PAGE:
Farmers’ Market…9:30 on a lazy Saturday morning… I live in the farming region of Northern California. Lives of farmers pretty much revolve around the seasons. Sure enough…the Farmers’ Market reflects the change of seasons. There is virtually no summer stone fruit left in the market. Melons and summer squash are diminishing. The bins of fresh corn have been replaced with jack-o-lantern pumpkins. This particular day finds me searching for tomatoes for canning. My supply is running low, and any summer-canned tomato will make a better tasting tomato in just about anything mid-winter. Sure enough…I spy a crate of freshly picked Roma tomatoes. I bought enough two weeks ago to can one batch, and they came out really well. I ask how much a crate weighs. They’re selling for $1/pound. The stall manager looks at me with a discerning eye… “You want the whole box?” I answer in the affirmative. “20 bucks for the box. It weighs about 25 pounds.” Not a moment’s hesitation, “Sold,” I reply pulling out a picture of Andrew Jackson. My husband reaches down to take possession of the box…and gives me one of those, “this doesn’t weigh any 25 pounds….” looks. Sure enough. When we get home, we weigh it….SCORE!! 35 pounds! Oh wait…THIRTY five POUNDS??? Of TOMATOES??? I suddenly hear Harry Chapin singing in my inner ear about thirty thousand pounds…of bananas…and roll up my sleeves.
This is typical of things at our house. Whatever comes your way, step up and take your at-bats (sorry…I’m in SF Giants country-anywhere, north of The Grapevine- and baseball analogies soak in). I had to break up my great canning caper because I ran out of 1) sealing rings; 2) jars. The pantry is getting pretty with tomatoes and pickles…among the other goodies.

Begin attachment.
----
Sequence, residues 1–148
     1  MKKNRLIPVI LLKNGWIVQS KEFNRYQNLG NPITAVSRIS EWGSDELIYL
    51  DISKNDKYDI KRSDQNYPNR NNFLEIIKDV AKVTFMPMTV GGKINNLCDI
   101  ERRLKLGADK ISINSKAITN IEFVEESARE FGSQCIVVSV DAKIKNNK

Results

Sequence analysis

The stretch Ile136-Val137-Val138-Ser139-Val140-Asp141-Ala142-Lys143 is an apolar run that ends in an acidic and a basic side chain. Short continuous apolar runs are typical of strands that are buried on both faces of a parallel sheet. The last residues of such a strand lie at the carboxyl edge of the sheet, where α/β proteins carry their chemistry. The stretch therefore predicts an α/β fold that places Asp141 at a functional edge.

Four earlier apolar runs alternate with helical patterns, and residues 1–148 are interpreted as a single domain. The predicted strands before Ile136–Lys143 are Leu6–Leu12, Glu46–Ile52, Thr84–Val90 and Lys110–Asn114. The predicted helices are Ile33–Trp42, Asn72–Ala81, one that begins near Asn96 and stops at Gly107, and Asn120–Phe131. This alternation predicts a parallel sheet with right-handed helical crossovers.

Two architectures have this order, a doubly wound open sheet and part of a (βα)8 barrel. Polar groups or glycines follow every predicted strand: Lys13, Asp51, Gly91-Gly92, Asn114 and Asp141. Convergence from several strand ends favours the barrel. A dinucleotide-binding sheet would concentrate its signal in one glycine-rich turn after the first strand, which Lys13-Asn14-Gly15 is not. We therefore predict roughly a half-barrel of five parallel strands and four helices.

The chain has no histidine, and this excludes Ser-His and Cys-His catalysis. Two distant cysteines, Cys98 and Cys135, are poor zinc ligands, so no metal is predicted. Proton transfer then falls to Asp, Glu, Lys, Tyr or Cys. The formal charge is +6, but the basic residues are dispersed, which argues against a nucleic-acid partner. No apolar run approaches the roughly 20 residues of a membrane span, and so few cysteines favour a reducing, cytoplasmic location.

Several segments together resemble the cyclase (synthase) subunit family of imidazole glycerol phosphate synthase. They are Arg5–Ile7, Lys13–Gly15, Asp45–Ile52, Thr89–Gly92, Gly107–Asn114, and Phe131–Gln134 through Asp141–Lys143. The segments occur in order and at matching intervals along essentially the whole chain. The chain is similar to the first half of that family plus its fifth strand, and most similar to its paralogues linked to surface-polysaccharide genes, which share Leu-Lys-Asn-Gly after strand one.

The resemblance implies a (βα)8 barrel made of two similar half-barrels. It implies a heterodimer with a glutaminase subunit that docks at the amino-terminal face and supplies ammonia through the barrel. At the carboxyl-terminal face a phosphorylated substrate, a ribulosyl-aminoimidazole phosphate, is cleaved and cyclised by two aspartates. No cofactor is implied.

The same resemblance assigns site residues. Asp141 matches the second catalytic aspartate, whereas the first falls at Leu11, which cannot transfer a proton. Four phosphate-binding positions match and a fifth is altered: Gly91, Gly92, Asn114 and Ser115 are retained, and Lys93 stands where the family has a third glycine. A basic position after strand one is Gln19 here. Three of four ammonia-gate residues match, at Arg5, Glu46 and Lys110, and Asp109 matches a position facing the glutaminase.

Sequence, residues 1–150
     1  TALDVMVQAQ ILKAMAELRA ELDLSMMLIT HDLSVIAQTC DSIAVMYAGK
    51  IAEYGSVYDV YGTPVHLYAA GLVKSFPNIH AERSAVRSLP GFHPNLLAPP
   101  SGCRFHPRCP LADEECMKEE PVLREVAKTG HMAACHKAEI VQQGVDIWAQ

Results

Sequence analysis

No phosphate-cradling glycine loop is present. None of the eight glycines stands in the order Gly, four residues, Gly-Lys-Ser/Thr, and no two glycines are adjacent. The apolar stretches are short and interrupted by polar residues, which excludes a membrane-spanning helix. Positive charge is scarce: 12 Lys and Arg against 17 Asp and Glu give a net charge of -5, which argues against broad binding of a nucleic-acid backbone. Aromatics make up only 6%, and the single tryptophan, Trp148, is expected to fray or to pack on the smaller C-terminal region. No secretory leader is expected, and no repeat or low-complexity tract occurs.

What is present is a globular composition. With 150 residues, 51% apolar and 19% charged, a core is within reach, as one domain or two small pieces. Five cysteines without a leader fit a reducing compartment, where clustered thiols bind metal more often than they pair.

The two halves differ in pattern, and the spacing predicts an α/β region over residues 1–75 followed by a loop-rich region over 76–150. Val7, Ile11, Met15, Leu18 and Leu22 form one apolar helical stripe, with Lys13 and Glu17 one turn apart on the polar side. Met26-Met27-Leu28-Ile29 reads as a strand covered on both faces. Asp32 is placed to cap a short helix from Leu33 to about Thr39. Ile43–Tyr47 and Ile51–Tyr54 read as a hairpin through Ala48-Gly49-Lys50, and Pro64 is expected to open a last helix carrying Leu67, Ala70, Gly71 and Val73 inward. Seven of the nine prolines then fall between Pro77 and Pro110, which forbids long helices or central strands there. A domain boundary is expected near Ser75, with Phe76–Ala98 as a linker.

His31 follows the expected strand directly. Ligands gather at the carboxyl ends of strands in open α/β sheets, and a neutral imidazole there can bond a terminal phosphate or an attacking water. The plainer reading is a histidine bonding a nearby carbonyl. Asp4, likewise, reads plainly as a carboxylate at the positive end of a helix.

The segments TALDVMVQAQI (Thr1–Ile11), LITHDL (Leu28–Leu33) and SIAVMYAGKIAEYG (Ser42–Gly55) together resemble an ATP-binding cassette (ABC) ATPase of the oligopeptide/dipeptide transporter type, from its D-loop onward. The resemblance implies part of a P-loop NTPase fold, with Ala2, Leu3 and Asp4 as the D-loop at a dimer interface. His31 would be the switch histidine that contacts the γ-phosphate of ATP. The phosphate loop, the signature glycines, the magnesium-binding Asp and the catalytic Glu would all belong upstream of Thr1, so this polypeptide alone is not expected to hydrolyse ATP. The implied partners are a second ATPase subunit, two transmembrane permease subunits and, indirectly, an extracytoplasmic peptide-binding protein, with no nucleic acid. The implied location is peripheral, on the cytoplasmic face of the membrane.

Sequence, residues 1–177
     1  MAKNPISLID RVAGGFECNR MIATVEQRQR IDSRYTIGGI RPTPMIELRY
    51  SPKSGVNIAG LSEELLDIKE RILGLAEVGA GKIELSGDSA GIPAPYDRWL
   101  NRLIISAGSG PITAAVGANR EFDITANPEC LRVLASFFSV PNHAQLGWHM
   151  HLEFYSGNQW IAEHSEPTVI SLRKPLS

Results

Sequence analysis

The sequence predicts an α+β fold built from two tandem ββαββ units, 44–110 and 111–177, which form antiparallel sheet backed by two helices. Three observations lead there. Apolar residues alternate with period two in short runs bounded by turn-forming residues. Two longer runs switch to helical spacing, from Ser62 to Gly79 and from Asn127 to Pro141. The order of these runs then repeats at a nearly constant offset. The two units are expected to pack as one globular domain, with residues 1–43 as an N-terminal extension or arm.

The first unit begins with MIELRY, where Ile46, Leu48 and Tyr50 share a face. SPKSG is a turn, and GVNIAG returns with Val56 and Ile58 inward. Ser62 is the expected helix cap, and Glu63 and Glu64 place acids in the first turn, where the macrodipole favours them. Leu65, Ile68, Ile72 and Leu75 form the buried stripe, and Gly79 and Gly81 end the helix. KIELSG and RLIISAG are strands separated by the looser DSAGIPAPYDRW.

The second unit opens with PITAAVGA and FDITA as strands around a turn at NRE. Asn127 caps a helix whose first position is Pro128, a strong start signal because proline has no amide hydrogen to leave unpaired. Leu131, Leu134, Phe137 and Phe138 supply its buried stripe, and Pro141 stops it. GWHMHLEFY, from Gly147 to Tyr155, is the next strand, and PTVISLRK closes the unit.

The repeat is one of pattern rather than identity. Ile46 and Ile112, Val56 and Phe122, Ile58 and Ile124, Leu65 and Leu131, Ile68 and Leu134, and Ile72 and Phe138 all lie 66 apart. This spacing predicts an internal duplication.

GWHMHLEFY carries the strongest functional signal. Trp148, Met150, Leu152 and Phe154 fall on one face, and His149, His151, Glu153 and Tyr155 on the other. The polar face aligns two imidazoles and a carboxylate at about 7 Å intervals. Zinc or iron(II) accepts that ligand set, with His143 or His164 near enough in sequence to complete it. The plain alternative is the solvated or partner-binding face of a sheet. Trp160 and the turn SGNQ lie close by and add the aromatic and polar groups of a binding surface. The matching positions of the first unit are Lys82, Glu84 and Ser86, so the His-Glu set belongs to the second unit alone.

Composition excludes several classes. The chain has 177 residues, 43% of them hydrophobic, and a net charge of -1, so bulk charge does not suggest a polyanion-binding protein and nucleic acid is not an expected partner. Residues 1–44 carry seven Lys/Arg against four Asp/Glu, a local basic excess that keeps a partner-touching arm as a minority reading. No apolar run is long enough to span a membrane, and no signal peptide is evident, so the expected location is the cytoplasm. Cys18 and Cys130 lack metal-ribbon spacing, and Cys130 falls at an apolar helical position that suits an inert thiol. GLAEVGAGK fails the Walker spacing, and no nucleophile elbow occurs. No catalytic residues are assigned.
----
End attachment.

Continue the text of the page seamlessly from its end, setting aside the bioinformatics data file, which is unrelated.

By the end of the box, I was feeling seriously attacked by tomatoes. I ended up canning the last of the tomatoes after work, and finished around 11:00 p.m. Ugh! It’s worth it though… Look at those gorgeous jars packed tightly with meaty tomatoes!!
Killer Canned Tomato Halves
Equipment needed: Canning jars, sealing rings, sealing lids; jar lifter; water bath canning kettle; 2 more saucepans. Nice to have: Silicone potholder mitts, lid rack, lid magnet.
Ingredients needed: Tomatoes, lemon juice, salt, tomato juice or water.
10# tomatoes, peeled
salt (non iodized, for canning)
1/2 cup Lemon juice (7 Tbsps. total)
Wash and sterilize 7 pint jars.
Add 1/2 tsp. salt and 1 Tbsp. lemon juice to each jar as you fill it.
Fill each jar with whole or halved tomatoes
Add hot water or hot tomato juice to 1/4 inch from the top.
Wipe jar edge and apply 2 piece seal and ring.
Process in water bath canner for 35 minutes after water returns to a boil. (Fill the canning kettle rack while it’s suspended over the water. Bring the water to a boil before you drop the filled jars down into the kettle and start the timing.)
Lift jars, remove to draft free area to cool. When jars are completely cool, remove rings and wipe jars clean (tomato juice will likely leak during processing and is very sweet, and dries so that it is very difficult to open the jars after a period of time).
One really nice thing about this particular variety (as well as this farmer’s crop) is they are thick walled, meaty tomatoes, and they packed well. A lot of the time, there is a certain amount of air in the walls and seed pockets of the tomatoes themselves, and when they’re “raw-packed” (not cooked before the canning process) you’ll see a quantity of clear liquid at the bottom of the jars and the tomatoes look like they weren’t well packed. That didn’t happen with these. Nor did they need much water added to the jars to top them up. I packed the halves in as tightly as I could, and added maybe up to 2 Tablespoons of water to the jars. These tomatoes will even be good for home-made salsa in the middle of winter when there aren’t any decent tomatoes to be found. I’m so glad we slayed these Killer Tomatoes!
Julie & Julia is our November flick… Oooh…that will be FUN!!!